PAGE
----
Welcome back to My Life in Money, a series from Good Housekeeping where we ask our favourite financial gurus for their thoughts on everything from how they invest to their biggest money mistakes.
This time, we’re speaking to Maike Currie, editor-in-chief of the Investment Times and head of content and marketing for the UK’s biggest savings and investment platform, Hargreaves Lansdown. You may have seen her — or heard her — talking about money on the TV or radio, from Sky News to BBC 5, and her book, The Search for Income, sets out to demystify investing for ‘even the most die-hard investophobes’.
What did you learn from your parents about money?
My mum taught me the importance of always having a ‘fallback fund’ and making your money work for you. Having a mum, and a grandmother, who invested in the stock market in their private lives had a huge impact on me. It made me realise that investing is for everyone, no matter your age, gender or level of wealth.
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Are you a saver or a spender?
A good balance of both.
Have you ever struggled to make ends meet?
Oh yes – as a student, when I was starting out in my career as a journalist, and as an expat moving from South Africa to the UK.
What is the most expensive thing you’ve ever bought (besides property)?
Citizenship. I worked for it, but I did need to shell out a fair bit on visas, passports and the like.
What is your favourite money app and why?
I like the challenger banking apps – the instant rundown of your spending patterns and the ability to set savings goals. And for money content and tips, HL’s financiallyfearless account on Insta:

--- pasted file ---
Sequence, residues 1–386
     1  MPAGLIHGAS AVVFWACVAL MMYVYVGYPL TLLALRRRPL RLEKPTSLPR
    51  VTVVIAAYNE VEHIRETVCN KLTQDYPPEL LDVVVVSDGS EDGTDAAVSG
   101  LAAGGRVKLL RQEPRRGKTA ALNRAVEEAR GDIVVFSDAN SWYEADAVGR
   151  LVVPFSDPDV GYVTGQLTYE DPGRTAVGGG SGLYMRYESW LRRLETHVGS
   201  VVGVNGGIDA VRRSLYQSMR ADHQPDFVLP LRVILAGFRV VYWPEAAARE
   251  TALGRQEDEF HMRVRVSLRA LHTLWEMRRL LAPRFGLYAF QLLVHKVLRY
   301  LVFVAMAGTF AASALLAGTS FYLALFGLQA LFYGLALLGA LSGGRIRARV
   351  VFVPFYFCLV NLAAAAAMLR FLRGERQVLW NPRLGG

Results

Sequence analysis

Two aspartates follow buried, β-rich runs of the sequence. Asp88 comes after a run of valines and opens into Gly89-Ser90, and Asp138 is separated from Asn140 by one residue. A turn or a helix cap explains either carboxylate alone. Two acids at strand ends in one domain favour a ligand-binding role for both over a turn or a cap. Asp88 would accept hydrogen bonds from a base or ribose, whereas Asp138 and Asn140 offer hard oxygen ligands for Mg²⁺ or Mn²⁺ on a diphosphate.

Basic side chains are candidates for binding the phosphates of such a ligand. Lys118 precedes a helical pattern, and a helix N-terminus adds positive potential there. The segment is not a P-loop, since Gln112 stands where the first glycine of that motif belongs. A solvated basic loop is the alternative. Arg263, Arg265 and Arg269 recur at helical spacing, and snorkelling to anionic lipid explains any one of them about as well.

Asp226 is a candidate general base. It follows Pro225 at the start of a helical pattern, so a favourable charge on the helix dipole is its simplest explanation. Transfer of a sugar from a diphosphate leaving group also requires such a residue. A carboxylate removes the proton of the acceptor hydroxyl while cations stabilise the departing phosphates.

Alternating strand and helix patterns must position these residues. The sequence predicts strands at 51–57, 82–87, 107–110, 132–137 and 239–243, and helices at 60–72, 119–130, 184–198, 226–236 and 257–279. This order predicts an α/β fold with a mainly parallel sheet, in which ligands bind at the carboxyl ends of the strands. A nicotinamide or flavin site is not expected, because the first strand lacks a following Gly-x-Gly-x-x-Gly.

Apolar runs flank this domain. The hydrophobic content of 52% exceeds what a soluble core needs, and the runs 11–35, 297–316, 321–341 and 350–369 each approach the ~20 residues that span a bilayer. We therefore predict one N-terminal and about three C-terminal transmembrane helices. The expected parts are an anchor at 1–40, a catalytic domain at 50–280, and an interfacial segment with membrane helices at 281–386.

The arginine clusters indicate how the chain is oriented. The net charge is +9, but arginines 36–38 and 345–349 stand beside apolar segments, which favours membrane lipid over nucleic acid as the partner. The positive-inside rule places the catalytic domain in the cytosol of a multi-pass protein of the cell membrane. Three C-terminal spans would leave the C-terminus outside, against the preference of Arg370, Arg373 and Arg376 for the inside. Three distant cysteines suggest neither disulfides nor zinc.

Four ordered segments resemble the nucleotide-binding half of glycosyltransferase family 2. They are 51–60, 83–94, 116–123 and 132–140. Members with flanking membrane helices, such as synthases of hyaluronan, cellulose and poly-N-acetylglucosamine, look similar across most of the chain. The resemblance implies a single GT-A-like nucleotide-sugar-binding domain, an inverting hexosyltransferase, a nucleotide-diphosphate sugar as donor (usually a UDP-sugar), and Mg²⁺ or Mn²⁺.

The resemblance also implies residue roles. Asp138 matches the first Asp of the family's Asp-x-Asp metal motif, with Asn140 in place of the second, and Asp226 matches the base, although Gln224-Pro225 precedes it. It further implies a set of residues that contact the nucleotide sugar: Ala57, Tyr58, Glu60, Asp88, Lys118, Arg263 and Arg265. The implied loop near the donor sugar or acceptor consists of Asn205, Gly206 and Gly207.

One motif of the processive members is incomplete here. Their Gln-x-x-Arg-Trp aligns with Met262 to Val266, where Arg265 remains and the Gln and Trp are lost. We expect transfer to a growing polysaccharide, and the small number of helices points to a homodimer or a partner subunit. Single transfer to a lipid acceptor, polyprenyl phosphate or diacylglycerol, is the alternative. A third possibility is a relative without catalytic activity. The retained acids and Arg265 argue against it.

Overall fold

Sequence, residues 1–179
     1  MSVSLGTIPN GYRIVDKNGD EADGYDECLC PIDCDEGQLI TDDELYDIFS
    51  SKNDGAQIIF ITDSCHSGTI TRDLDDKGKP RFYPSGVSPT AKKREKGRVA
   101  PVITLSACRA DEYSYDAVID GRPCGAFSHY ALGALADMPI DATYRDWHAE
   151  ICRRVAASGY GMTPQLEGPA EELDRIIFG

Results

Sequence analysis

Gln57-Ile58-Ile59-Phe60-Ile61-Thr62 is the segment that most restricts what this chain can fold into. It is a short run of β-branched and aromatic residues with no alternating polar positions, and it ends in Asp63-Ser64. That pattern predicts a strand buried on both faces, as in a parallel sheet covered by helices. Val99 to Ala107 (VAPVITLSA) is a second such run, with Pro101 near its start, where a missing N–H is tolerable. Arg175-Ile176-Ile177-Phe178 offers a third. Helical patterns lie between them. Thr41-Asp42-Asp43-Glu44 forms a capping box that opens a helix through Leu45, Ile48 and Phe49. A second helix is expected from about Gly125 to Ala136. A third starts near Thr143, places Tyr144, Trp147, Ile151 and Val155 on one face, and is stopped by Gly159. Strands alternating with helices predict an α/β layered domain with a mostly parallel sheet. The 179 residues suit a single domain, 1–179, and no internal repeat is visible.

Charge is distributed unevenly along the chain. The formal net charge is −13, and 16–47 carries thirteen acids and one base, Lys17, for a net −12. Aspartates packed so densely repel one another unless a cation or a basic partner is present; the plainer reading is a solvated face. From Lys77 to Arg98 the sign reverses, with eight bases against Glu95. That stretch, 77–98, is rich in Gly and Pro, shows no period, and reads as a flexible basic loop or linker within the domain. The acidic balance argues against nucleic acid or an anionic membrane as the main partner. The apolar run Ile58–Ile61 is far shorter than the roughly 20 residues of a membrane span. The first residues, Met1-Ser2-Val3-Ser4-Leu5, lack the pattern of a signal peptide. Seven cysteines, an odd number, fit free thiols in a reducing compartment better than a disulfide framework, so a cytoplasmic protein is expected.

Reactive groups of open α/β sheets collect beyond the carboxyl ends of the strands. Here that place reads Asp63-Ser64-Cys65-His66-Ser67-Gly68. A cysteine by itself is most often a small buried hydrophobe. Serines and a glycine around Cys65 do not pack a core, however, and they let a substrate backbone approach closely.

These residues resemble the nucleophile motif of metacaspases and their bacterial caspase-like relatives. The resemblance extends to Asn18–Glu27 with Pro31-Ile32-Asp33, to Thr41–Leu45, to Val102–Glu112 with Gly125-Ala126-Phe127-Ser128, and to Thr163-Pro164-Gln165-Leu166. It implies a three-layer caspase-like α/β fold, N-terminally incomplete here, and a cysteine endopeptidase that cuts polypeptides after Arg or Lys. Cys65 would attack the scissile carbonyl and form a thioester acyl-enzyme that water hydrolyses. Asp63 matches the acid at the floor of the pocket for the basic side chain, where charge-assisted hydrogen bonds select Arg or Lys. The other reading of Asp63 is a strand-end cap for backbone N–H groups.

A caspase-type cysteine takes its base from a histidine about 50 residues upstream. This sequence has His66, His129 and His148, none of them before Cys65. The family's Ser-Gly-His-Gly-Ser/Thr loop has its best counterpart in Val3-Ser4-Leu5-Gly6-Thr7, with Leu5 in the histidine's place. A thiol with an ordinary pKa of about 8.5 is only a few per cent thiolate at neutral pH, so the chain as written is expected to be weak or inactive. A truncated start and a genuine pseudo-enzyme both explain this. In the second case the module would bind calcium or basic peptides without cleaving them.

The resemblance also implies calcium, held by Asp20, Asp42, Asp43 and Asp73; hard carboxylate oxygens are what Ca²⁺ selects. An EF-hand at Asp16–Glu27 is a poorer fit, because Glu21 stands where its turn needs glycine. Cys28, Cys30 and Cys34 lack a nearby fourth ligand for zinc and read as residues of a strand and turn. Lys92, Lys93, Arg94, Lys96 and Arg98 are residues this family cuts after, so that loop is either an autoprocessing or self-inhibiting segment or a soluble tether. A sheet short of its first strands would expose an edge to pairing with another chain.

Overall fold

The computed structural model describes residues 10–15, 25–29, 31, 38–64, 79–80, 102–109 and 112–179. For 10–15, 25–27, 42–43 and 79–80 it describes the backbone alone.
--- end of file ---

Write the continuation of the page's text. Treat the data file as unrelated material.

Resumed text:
What do you splurge on and what do you save on?
I splurge on: Ubers, diamonds, and travel — not necessarily in that order. I save on food and clothes, as I’m not bothered with brands and I love a bargain.
What’s the best money decision you’ve ever made?
Investing in a stocks and shares ISA in my mid-twenties. I was a journalist and interviewing a lot of fund managers at the time. I realised the best way to get into the subject matter was to buy the funds of the managers who spoke the most sense. It also worked as an investment tactic.
What was your biggest money mistake?
Not getting engaged with my first workplace pension, understanding how much I could put in and where the money was invested.
Do you invest your money?
Yes. In the stock market (via a stocks & shares ISA and a Lifetime ISA), in my pension and in my home – extensions and renovations bring me joy.
What’s your money mantra?
Money is a feminist issue.
What’s your number one piece of financial advice?
Once you’ve got a ‘fallback fund’ in place for those inevitable rainy days — from redundancy to broken down relationships, boilers, cars and the like — start thinking about investing. Even with interest rates rising, leaving all your savings in cash will mean inflation chipping away at the real value of your money.